1950s. After a series of annexations and subdivisions, the north side of Costa Mesa grows rapidly.
1960. The city purchases a 1.35-acre lot on the corner of Mesa Verde Dr. and Baker from developer Walter Gayner for the express purpose of building a library. The location is chosen for its proximity to schools and 10,000 homes.
The Friends of the Costa Mesa Libraries forms. Volunteer groups like the Friends and Mesa Verde Home Owners are vocal advocates for the new branch.
1961–early 1962. The city and county deadlock over funding. The city considers establishing its own library system, following the example of Newport and Huntington Beach, but ultimately rejects the “library business.”
February 1962. In a meeting with MVHO, OC Supervisor and library committeeman Cy M. Featherly tells Mesa Verde residents their library must wait until after the needs of other communities are met. He also claims the county’s library district is already spending more money in Costa Mesa than taxes warrant.
March 19, 1962. Thomas Thompson, president of MVHO, presents a compromise plan to the city council. Under this plan, the city would pay to construct the building while the county would lease it back, stock it, and staff it. The city council approves the plan.
Featherly also likes the plan, saying cities should shoulder library costs “wherever possible.” He warns, however, the city may have to pay higher operating costs than before.
Summer 1963. It is announced the library will be built within 3-4 months for $78,000. “Complications arise” with the county and ground is never broken.
July 6, 1964. The city council unanimously approves architectural plans for a 6,500-sq. ft. library and a 250-seat auditorium. Building both at once is estimated to save $1 per square foot. The architects estimate the cost at $169,500.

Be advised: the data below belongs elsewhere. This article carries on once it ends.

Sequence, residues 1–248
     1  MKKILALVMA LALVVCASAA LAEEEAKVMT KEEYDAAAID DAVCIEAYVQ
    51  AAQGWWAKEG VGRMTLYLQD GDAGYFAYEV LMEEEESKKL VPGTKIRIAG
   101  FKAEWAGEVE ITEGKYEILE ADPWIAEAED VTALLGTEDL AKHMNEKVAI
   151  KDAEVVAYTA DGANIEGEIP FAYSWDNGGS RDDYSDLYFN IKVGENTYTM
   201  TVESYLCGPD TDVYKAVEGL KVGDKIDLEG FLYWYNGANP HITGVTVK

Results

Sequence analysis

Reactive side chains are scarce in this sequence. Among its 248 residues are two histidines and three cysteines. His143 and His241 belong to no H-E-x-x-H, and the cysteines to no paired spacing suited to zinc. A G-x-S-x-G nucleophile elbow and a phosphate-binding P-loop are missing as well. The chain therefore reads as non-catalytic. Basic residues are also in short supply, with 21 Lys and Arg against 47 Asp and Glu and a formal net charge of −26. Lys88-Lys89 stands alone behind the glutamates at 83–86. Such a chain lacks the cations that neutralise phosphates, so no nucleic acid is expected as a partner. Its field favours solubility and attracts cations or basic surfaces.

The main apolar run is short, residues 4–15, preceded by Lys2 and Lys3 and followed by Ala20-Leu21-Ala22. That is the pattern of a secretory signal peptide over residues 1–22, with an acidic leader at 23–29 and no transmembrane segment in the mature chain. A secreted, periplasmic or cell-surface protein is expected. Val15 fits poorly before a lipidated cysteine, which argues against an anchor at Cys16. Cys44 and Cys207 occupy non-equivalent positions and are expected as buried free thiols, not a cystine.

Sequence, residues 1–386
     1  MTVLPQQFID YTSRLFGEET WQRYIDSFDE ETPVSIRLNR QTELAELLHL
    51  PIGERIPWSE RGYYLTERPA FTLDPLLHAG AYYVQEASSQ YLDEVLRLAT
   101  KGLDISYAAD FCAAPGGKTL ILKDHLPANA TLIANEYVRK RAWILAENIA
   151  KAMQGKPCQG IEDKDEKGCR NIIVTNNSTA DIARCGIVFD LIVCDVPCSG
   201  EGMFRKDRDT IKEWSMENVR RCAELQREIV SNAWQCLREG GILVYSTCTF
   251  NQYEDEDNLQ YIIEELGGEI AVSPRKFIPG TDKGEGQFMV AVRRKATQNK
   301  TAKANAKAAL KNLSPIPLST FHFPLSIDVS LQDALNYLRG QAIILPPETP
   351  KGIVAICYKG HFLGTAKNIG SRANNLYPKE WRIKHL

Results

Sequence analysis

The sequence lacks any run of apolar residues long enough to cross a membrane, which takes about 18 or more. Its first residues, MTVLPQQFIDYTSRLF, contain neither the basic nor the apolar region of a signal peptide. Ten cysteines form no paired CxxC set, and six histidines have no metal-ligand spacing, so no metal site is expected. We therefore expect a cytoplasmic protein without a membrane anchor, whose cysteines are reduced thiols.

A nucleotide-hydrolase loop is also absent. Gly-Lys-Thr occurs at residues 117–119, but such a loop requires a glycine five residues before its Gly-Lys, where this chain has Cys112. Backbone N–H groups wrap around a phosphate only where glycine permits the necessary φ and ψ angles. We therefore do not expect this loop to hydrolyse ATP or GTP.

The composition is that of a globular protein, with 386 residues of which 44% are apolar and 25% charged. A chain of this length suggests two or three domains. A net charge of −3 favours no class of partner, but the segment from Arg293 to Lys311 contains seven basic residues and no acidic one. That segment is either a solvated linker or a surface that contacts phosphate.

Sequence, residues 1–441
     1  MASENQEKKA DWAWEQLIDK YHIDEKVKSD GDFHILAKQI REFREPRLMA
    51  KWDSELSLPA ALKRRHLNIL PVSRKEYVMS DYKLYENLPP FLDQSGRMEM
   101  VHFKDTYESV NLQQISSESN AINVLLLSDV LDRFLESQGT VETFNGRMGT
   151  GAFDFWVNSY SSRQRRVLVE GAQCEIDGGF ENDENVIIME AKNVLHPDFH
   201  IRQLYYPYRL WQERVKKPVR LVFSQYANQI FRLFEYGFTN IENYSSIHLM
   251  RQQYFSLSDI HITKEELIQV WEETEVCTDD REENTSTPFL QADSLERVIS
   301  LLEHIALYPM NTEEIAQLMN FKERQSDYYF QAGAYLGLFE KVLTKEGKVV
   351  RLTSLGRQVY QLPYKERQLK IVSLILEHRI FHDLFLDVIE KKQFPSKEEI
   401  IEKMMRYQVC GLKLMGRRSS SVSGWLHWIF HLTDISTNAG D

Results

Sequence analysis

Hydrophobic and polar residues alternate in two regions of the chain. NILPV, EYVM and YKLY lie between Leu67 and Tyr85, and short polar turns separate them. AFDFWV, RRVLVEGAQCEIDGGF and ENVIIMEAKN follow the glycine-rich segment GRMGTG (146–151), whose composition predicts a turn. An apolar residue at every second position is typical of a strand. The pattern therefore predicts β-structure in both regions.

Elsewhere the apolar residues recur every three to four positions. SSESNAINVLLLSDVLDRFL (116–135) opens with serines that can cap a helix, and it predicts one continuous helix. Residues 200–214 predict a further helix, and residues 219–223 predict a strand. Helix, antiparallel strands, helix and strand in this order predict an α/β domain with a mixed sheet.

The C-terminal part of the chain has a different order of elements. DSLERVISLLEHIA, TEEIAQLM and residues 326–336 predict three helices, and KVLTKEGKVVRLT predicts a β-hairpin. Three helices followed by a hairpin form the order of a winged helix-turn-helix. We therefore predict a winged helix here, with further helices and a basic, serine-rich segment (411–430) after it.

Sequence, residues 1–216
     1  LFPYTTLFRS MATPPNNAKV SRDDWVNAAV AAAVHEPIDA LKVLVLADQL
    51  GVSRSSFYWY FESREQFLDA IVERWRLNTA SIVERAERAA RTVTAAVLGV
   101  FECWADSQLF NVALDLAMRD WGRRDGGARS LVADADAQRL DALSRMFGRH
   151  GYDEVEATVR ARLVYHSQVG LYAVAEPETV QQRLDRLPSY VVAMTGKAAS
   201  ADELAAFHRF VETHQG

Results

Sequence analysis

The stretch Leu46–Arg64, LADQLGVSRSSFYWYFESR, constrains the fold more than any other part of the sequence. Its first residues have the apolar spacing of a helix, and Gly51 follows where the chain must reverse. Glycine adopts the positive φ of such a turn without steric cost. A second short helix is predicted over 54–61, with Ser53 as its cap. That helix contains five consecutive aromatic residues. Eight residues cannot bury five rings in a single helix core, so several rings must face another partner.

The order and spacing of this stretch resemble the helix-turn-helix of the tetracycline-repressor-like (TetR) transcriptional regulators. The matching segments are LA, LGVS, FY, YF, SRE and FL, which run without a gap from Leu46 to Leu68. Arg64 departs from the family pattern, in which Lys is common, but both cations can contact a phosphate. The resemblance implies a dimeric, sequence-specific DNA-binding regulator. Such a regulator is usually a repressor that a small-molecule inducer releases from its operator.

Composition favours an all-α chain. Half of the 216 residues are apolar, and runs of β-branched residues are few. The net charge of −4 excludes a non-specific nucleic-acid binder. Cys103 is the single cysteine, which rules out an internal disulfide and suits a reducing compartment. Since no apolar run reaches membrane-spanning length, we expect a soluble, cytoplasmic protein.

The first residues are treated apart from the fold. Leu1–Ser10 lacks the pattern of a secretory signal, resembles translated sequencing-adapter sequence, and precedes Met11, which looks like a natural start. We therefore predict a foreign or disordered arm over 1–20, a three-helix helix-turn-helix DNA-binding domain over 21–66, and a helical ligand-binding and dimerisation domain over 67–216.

September 29, 1964. The county finally agrees to lease the library for $738 per month.
December 1964. A “lengthy pause without comment” fills the chambers when the city council learns the lowest construction bid is 25% over the initial estimate. The council quickly eliminates the auditorium along with $27,000 worth of “frills”.
February 9, 1965. Ground is broken for the library in a ceremony attended by city and county officials. The building is projected to be finished by September, but construction delays ensue.
November 20, 1965 — Opening Day. A dedicatory luncheon organized by the Friends and the OC Book Club is held at the Mesa Verde Country Club. LA Times literary editor and columnist Robert Kirsch is guest speaker.
A formal ceremony is held at 2:30 pm. Robert Wilson, mayor of Costa Mesa, calls the library a “milestone in the city’s effort to provide worthwhile public facilities. It is the first one the city has constructed, but I assure you there will be more.” An optimistic Featherly predicts a third library will be built at the Costa Mesa Civic Center. “It is not definite yet, but it probably will happen,” he says.
Thompson, now a city councilman, delivers the keynote address. He reflects on the 5 years it took to build the library and declares it “well worth the effort.”
Alvin Pinkley presents the library with an American flag that had flown over the US Capitol. 83-year-old Richard W. Katerndahl, a former lieutenant governor of Idaho, receives the first library card. MVHO and the Bridgettes present $400 in checks to the Friends for the purchase of more books. At opening, the library carries around 12,000 volumes, roughly half of which are children’s books. Esther Branch serves as the first librarian.
Following the ceremony, the library begins a long tradition of art exhibits with a tour of 40 serigraphs by pop artist, nun, and social activist Sister Mary Corita.
December 1965. The library begins its preschoolers’ story hour with readings from Dr. Seuss’ Green Eggs and Ham and Sesyle Joslin’s What Do You Say, Dear?
1966-1970. The library becomes a community gathering place. Programs include social coffee days for “listening, questioning, and sounding off,” a Bruce McIntyre closed-circuit TV art course, and great books discussions for adults and teenagers. In 1967, a 4-meeting course “designed for women who hate to keep house and want to find faster, easier ways to do it” draws hundreds of attendees.
The library earns attention for its rotating exhibits, many of which are drawn from members of the Costa Mesa Art League (now OC Fine Arts). The works display a wide variety of media and styles, ranging from landscapes, sea-scapes, and abstracts in oil to mosaics, collages, stitchery-weaving, and even bread sculpture. Other popular exhibits include collections of flags, Mesa Verde resident Richard Bale’s handmade model trains, and 100 Hopi kachina dolls.
Summer reading programs draw hundreds of participants each year, enrolling 600 children in1967 alone.